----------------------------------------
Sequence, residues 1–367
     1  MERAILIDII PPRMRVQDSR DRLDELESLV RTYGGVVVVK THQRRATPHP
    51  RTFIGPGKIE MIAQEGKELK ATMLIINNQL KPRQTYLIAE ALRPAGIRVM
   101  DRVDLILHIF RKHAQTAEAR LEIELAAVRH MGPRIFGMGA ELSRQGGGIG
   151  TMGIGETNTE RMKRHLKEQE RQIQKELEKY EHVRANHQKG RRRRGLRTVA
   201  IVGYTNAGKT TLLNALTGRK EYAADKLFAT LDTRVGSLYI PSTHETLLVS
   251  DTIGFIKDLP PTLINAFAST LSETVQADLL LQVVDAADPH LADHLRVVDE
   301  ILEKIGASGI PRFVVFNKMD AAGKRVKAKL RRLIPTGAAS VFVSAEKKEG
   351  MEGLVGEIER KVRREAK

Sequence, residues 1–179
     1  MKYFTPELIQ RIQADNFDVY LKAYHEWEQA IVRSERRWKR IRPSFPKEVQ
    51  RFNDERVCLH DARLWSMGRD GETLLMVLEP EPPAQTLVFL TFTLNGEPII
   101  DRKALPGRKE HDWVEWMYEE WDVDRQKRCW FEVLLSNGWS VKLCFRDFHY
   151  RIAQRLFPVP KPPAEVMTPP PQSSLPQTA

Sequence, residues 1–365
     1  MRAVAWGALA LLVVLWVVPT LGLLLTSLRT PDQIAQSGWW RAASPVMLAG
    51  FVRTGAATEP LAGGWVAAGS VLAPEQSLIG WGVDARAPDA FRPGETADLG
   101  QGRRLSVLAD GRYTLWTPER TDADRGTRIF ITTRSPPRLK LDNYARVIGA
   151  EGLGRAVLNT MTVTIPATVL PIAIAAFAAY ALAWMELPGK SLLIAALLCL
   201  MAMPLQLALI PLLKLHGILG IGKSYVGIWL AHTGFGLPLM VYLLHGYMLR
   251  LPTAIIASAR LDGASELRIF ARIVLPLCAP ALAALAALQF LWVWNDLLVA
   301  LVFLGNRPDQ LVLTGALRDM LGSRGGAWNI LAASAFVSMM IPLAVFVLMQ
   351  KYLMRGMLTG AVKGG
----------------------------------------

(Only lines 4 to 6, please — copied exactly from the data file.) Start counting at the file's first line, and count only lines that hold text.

   101  DRVDLILHIF RKHAQTAEAR LEIELAAVRH MGPRIFGMGA ELSRQGGGIG
   151  TMGIGETNTE RMKRHLKEQE RQIQKELEKY EHVRANHQKG RRRRGLRTVA
   201  IVGYTNAGKT TLLNALTGRK EYAADKLFAT LDTRVGSLYI PSTHETLLVS